Long-Term Outcomes After Off-Pump vs. On-Pump CABG

Study Questions:

What is the long-term survival and morbidity after on-pump versus off-pump coronary artery bypass grafting (CABG)?


The investigators linked mandatory clinical and administrative registries from New Jersey Department of Health to identify patients who underwent CABG between 2005 and 2011, by surgeons who had performed at least 100 off-pump or on-pump CABG operations. Survival, stroke, myocardial infarction, repeat revascularization, and new dialysis requirement were compared using Cox modeling, propensity scores, and instrumental variable analysis. Median follow-up was 6.8 years (range, 0-11.0 years); last follow-up date was December 31, 2015.


Among 42,570 CABG patients, 6,950 who underwent off-pump CABG and 15,295 who underwent on-pump CABG met study criteria. Off-pump CABG was associated with higher mortality (33.4% vs. 29.6% at 10 years; hazard ratio [HR], 1.11; 95% confidence interval [CI], 1.04-1.18; p = 0.002) compared with on-pump CABG. Off-pump CABG was associated with a higher risk of incomplete revascularization (15.7% vs. 8.8%; p < 0.001), which was a predictor of late mortality (HR, 1.10; 95% CI, 1.03-1.17; p = 0.006) and higher rates of repeat revascularization (15.4% vs. 14.0% at 10 years; HR, 1.17; 95% CI, 1.01-1.37; p = 0.048). There were no significant differences in the rate of stroke, myocardial infarction, or new dialysis.


The authors concluded that off-pump was associated with increased incomplete revascularization, repeat revascularization, and mortality at 10 years compared with on-pump CABG.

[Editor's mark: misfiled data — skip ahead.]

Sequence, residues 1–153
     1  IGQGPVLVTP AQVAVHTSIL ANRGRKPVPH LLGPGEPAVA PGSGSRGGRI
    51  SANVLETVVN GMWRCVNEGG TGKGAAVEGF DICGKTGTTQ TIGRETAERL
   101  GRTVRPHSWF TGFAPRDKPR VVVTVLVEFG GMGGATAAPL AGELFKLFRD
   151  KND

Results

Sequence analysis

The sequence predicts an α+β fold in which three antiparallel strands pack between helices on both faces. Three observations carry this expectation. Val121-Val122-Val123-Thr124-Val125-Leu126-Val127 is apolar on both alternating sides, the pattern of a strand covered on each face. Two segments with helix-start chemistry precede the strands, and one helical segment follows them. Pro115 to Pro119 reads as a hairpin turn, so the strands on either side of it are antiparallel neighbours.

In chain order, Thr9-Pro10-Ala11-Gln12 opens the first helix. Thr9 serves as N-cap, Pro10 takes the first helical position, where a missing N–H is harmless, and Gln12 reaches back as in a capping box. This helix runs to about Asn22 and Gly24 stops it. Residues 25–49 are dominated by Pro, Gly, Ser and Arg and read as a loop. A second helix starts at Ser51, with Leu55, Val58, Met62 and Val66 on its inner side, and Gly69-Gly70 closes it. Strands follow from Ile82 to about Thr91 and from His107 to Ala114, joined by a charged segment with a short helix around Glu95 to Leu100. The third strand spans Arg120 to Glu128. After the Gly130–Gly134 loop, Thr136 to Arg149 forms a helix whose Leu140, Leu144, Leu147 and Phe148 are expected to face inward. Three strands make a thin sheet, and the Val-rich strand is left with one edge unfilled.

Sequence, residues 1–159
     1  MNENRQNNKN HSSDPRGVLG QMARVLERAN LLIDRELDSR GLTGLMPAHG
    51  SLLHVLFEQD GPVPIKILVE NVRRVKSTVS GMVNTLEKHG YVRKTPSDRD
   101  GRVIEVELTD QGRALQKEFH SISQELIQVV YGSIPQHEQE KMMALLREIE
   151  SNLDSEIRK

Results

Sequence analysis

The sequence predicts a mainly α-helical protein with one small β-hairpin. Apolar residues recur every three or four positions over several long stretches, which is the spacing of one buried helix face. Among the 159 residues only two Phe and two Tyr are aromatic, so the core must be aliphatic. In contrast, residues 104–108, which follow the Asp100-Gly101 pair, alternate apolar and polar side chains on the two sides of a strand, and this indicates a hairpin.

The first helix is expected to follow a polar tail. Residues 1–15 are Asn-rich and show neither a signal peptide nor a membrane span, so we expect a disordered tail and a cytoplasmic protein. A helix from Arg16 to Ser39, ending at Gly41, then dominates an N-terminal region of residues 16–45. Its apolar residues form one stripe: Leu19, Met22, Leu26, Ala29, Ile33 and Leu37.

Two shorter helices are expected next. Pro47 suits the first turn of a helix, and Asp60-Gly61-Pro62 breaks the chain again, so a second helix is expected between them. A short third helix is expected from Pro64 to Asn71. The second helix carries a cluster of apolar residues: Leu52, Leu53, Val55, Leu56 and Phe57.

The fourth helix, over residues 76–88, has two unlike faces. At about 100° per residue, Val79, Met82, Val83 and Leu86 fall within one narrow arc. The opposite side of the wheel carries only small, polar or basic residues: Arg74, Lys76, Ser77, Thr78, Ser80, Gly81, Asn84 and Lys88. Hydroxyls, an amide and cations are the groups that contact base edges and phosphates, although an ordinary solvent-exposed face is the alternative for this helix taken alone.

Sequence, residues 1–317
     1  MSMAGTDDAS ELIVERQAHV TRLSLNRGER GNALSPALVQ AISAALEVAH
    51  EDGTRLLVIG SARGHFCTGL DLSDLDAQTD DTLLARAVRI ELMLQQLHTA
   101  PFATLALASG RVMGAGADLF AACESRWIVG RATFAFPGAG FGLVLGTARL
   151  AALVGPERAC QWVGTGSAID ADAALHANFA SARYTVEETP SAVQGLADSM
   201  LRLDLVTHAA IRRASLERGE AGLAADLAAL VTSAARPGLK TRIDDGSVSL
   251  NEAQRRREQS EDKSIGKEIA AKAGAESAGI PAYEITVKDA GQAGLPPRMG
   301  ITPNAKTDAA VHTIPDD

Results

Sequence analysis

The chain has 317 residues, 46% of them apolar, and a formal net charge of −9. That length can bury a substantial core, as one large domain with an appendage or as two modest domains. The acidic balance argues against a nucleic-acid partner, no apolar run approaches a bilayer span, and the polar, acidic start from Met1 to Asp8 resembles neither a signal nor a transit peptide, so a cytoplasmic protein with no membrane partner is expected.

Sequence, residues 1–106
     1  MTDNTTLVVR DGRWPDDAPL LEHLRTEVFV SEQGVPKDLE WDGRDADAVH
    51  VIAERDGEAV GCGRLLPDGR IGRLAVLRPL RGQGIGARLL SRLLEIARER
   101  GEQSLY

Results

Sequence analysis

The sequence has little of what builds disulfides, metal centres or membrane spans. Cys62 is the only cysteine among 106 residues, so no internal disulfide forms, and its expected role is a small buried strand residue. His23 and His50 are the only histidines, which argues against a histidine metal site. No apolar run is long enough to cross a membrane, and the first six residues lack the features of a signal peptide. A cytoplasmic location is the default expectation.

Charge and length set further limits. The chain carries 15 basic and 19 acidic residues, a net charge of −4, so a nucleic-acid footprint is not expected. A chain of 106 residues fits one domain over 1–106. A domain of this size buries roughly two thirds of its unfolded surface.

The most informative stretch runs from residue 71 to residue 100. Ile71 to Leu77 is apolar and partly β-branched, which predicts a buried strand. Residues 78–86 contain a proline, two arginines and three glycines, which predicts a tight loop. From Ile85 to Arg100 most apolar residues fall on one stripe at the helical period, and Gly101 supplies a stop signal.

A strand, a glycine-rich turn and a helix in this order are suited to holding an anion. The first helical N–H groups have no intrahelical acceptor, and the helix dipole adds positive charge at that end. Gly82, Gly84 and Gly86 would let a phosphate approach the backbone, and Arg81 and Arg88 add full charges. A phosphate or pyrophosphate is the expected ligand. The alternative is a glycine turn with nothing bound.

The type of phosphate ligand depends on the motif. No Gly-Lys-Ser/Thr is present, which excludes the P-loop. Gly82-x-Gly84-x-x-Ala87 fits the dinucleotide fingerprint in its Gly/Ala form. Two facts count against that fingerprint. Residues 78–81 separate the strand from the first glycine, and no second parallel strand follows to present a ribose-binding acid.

This study reports that in a contemporary cohort of patients undergoing CABG, the long-term risk of death associated with off-pump CABG was higher than that associated with on-pump CABG. Furthermore, off-pump CABG was associated with increased risk of incomplete revascularization and increased rates of repeat revascularization. These findings have implications for the optimal choice of procedure in the majority of patients undergoing surgical revascularization, with on-pump CABG being the most appropriate choice for most patients without contraindications to cardiopulmonary bypass. Additional studies are indicated to examine outcomes of procedures performed using contemporary technology and revascularization modalities to help select the optimum strategy for patients undergoing CABG.

Keywords: Cardiac Surgical Procedures, Cardiopulmonary Bypass, Coronary Artery Bypass, Coronary Artery Bypass, Off-Pump, Myocardial Infarction, Myocardial Ischemia, Myocardial Revascularization, Renal Dialysis, Secondary Prevention, Stroke

< Back to Listings